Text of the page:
Unconventional Mentor no. 31 - Eileen Gray
“To create, one must first question everything.”
I’ve been going on holiday to The South of France for over 20 years and one of the reasons I keep going back is because there is so much to explore down there. Every time I go I find a new place to visit, and a new person I didn’t know about. A few years ago, I heard about E1027, the villa that was designed by Eileen Gray who I hadn’t heard of. Researching her and visiting the villa I discovered a wonderfully talented woman, whose work and contribution to the world of architecture and design have been massively underrated.
If you know anything about modern furniture design then you will probably recognise her work, the Bibendum Chair and the E1027 adjustable table are very well known and still being sold by the store Aram today. In the 1970s, Zeev Aram met with Eileen Gray to discuss her work and they now hold the worldwide rights to manufacture her designs. I used to work for The Conran Shop, and I know these pieces of furniture, but despite that I didn’t know anything of their designer and the obscurity of her work was one of Eileen Gray’s biggest frustrations in her lifetime.
Eileen Gray was born in County Wexford, Ireland in 1878. She went to The Slade School of Art in London when she was 22 and shortly after she moved to Paris. Her design career began by making furniture using the technique of lacquer that she learnt from the celebrated Japanese artist Seizo Sugawara. In 1922 she opened her own gallery, Jean Désert, where she sold her designs Over time Gray moved from furniture to interior design to finally studying architecture. She never formally trained as an architect but received tuition from the man who would also become her lover, Jean Badovici.
“A house is not a machine to live in. It is the shell of man, his extension, his release, his spiritual emanation.”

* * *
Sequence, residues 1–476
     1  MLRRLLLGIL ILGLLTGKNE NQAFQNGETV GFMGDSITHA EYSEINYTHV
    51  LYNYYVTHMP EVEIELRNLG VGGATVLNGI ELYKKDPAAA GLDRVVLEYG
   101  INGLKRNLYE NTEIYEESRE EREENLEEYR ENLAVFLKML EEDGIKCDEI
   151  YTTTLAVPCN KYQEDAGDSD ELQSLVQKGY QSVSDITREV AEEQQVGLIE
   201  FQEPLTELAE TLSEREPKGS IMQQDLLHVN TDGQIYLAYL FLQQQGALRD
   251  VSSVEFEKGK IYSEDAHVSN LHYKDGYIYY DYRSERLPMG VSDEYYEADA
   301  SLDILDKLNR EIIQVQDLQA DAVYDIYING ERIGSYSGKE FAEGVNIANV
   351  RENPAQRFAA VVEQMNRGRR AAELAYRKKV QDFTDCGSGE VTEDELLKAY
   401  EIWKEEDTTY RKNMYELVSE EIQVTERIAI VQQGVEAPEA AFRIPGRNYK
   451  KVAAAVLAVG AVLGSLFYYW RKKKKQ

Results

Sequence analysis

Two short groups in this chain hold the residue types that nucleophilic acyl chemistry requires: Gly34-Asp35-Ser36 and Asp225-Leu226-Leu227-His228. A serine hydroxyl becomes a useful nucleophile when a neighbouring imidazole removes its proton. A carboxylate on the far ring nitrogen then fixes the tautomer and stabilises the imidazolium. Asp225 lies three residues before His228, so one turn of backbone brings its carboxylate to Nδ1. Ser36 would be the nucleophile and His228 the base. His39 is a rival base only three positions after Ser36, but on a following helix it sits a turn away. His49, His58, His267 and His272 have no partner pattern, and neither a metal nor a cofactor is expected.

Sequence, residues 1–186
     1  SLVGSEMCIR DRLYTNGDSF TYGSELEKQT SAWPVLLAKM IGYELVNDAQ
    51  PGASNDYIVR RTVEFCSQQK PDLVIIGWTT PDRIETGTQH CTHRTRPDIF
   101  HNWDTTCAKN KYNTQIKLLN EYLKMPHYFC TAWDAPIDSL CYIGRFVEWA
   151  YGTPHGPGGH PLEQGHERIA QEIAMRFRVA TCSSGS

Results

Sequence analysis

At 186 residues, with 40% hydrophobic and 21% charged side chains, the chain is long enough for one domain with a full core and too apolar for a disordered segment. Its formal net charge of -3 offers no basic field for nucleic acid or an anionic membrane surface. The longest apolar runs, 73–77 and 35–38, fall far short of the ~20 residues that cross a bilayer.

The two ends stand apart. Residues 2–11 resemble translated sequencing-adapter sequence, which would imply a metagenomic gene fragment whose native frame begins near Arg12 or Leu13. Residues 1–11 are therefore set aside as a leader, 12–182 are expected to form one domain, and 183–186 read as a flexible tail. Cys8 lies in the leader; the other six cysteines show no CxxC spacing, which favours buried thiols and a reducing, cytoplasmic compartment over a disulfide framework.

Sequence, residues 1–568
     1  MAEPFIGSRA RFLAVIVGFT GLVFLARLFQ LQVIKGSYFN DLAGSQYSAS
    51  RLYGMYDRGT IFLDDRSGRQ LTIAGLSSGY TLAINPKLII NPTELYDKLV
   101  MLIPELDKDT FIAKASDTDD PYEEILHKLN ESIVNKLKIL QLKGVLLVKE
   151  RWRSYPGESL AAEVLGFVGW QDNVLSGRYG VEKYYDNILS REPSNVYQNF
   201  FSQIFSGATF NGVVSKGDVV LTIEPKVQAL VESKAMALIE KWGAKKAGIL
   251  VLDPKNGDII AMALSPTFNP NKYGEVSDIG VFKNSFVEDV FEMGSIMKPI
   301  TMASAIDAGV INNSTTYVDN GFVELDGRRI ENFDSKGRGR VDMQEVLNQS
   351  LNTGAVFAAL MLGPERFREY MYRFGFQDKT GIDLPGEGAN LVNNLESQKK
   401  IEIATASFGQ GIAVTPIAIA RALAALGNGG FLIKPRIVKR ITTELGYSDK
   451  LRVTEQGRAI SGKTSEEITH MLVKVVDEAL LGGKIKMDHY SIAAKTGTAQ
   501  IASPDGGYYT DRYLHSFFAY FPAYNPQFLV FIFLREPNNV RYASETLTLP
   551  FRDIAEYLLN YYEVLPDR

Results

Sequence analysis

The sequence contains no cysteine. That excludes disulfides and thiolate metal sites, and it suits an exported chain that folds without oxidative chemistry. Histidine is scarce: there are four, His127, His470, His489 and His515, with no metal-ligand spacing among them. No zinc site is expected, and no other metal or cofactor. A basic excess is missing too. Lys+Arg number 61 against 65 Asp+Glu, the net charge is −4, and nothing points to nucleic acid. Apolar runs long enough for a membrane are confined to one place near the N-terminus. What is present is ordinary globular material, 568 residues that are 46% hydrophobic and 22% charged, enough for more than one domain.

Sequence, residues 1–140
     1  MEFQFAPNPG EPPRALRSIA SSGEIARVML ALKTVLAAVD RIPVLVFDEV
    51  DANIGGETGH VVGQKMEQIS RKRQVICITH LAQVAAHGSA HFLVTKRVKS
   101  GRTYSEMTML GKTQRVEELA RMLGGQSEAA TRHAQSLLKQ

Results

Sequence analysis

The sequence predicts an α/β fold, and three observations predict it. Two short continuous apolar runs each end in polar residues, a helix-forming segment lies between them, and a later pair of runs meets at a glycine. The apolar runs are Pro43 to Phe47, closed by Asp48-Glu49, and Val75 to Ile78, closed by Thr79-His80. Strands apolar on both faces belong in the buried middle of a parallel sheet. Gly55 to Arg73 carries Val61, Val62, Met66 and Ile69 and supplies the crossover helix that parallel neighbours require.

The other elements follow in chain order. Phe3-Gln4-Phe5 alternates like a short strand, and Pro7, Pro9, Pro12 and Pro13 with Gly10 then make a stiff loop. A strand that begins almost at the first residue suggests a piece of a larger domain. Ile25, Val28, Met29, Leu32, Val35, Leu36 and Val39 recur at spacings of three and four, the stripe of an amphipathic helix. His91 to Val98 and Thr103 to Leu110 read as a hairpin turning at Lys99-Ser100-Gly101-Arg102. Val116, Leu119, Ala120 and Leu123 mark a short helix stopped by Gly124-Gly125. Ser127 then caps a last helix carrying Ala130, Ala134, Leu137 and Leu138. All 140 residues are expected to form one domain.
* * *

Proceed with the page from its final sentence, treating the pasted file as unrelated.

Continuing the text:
E1027 is one of the three buildings she designed that were built and it is a modest villa (by The South of France standards) that is situated right on the coast of Roquebrune-Cap-Martin. The building was designed for two people (Eileen Gray and Badovici) to live there and the rooms make the most of the views and the light. The house was owned by Badovici, so when the relationship between him and Eileen Gray broke down, she moved out to live in another house she was building, Tempe à Pailla just further round the coast at Menton.
The building may not have been known about today had it not been for its controversial visitor, the architect Le Corbusier. He was friends with Badovici who invited him to come to the stay in the house that Eileen Gray had designed, and he encouraged him to paint murals on the wall. This was hugely disrespectful to Eileen Gray, as part of her philosophy was that the wall of the building and the use of the furniture were designed together. So if she hadn’t designed a mural on the wall, there wasn’t meant to be one there. If you read up about the house you will find that Le Corbusier greatly admired the work of Eileen Gray so it was a complete act of vandalism and ego on his part to think that he could just paint huge murals on the wall. If that wasn’t bad enough, when an article featuring the murals was published in a design magazine, the murals were credited to Le Corbusier, but the design of the house wasn’t credited to Eileen Gray. It was assumed that either Le Corbusier or Badovici had designed it and neither of them corrected the error. After she left E1027 Eileen Gray became more and more reclusive and possibly even agoraphobic. Her removal from the public eye and the lack of proper crediting of her work may have contributed to her being less well known. In an odd twist of fait, Le Corbusier died in 1965 swimming off the coast of Roquebrune-Cap-Martin so it is likely that the last thing he saw was E1027.